When Employees Experience Low Levels of Job Autonomy, Fair Procedures Buffer Unfair Outcomes

Lisanne Versteegt*, Marius van Dijke, Joris van Ruysseveldt, Kees van den Bos

*Corresponding author for this work

Research output: Contribution to journalArticleAcademicpeer-review

1 Citation (Scopus)

Abstract

Organizations play a key role in maintaining employee wellbeing. Some research suggests that one way to protect employee wellbeing is to treat them fairly (procedural justice), especially when fair job outcomes (distributive justice) cannot be ensured. Yet, previous studies have not consistently found this interaction effect between distributive and procedural justice. This study investigates job autonomy as a boundary condition to the Distributive Justice × Procedural Justice effect on wellbeing outcomes. To test our hypothesized three-way interaction between distributive justice, procedural justice, and job autonomy, we collected cross-sectional data among Dutch employees in two studies. We used validated self-report measures of our core constructs to test our hypothesis on two employee wellbeing indicators: job satisfaction and emotional exhaustion. Results show a significant three-way interaction effect on both job satisfaction and emotional exhaustion in Study 1 (N = 411), and a significant three-way interaction effect on emotional exhaustion in Study 2 (N = 1117). Simple slopes analyses of the significant three-way interactions showed that distributive justice and procedural justice interact to predict wellbeing outcomes among employees with low job autonomy. Among employees with high job autonomy, distributive justice and procedural justice do not interact to predict wellbeing. The results contribute to the employee wellbeing literature by showing that job autonomy is a boundary condition to the Distributive Justice × Procedural Justice effect on wellbeing outcomes. We discuss other implications of our findings for the workplace and the ramifications for employees with low and high job autonomy.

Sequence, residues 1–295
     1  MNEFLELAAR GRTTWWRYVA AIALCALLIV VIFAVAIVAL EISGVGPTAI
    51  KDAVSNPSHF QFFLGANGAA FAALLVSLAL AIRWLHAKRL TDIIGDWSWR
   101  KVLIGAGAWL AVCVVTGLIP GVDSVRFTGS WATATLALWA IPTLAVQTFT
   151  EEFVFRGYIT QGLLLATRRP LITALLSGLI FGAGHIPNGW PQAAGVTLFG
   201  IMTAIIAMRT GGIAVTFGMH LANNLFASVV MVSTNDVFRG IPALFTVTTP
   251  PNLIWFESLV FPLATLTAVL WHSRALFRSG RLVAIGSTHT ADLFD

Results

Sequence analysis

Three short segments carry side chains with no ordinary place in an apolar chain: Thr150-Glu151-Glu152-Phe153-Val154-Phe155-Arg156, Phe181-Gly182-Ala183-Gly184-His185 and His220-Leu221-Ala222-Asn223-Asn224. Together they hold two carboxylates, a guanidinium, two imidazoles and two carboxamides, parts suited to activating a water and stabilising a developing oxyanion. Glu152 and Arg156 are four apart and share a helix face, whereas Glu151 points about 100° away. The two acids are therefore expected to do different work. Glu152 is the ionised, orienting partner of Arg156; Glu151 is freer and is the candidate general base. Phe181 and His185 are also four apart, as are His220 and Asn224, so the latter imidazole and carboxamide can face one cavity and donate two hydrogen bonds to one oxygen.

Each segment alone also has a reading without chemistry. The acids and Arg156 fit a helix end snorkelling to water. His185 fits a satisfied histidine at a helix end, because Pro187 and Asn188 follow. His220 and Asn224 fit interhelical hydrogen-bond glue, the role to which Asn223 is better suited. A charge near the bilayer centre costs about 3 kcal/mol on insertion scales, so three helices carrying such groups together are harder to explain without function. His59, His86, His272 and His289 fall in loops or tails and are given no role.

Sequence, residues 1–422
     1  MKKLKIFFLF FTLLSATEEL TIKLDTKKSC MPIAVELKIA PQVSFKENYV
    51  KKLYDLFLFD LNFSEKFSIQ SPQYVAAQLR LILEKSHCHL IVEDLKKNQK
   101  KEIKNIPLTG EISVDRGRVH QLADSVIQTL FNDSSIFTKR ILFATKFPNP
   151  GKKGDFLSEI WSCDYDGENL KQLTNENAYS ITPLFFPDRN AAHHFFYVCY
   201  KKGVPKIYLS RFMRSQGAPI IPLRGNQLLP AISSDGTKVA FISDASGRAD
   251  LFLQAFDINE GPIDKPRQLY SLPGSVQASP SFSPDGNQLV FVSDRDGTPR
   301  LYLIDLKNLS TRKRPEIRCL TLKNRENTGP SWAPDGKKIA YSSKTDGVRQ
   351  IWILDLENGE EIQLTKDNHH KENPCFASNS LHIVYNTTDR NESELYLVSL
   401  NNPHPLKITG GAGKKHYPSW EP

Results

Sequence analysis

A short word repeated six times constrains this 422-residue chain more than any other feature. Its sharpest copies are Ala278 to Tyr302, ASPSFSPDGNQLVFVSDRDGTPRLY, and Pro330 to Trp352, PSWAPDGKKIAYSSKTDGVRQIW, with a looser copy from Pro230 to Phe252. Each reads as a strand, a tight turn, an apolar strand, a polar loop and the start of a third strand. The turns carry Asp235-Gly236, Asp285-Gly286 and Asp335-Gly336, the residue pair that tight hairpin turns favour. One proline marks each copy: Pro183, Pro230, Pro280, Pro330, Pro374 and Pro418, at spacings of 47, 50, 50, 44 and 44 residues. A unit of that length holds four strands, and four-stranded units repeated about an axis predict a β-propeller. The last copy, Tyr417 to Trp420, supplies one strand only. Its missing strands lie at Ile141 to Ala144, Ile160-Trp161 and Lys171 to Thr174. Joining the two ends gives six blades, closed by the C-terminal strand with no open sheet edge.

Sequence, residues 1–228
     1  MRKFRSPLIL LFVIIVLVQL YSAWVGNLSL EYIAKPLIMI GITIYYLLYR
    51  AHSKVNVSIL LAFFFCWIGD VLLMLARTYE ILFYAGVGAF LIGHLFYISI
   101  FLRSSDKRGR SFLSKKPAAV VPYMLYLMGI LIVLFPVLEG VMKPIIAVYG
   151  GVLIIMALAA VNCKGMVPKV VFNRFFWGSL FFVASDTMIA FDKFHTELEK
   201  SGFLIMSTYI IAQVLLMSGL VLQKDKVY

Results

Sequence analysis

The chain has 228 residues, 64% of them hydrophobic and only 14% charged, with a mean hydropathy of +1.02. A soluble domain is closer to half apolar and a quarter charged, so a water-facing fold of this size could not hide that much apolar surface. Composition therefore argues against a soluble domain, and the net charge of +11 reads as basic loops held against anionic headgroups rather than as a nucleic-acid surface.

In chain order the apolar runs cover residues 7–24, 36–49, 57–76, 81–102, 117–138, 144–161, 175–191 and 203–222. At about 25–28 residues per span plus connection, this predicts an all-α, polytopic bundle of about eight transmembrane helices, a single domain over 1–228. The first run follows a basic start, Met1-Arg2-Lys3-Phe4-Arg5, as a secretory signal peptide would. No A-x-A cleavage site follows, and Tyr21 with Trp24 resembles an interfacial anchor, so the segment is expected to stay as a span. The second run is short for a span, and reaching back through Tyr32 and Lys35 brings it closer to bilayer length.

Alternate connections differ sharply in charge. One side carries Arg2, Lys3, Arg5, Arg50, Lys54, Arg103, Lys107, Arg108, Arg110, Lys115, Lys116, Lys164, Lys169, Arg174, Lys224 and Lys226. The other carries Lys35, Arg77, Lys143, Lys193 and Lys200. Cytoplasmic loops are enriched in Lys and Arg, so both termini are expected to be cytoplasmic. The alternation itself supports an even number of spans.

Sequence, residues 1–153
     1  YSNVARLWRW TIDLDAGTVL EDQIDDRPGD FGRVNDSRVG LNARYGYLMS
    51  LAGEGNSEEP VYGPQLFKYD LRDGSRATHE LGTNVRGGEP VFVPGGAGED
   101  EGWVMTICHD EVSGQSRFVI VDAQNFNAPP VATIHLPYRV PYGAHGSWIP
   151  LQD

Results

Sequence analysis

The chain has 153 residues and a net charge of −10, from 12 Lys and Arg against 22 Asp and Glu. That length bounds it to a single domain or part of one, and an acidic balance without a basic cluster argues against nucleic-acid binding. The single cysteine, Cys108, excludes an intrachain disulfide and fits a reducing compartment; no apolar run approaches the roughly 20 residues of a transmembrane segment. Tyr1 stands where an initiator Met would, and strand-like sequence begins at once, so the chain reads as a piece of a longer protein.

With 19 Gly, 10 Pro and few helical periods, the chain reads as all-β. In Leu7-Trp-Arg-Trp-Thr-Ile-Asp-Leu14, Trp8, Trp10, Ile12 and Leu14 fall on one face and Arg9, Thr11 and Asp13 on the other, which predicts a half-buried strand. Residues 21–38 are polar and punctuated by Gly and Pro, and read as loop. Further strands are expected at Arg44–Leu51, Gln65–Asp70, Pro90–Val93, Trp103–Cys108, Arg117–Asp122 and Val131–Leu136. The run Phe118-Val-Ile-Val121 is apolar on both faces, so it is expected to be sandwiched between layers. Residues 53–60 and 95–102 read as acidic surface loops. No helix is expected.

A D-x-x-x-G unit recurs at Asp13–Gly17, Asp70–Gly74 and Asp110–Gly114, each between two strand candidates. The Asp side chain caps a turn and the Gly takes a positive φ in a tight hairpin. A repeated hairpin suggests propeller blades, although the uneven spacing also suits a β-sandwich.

Original languageEnglish
Article number784853
JournalFrontiers in Psychology
Volume13
DOIs
Publication statusPublished - 15 Jul 2022

Bibliographical note

Funding Information:
This research was financed by the Open University of the Netherlands.

Publisher Copyright:
Copyright © 2022 Versteegt, van Dijke, van Ruysseveldt and van den Bos.

Fingerprint

Dive into the research topics of 'When Employees Experience Low Levels of Job Autonomy, Fair Procedures Buffer Unfair Outcomes'. Together they form a unique fingerprint.

Cite this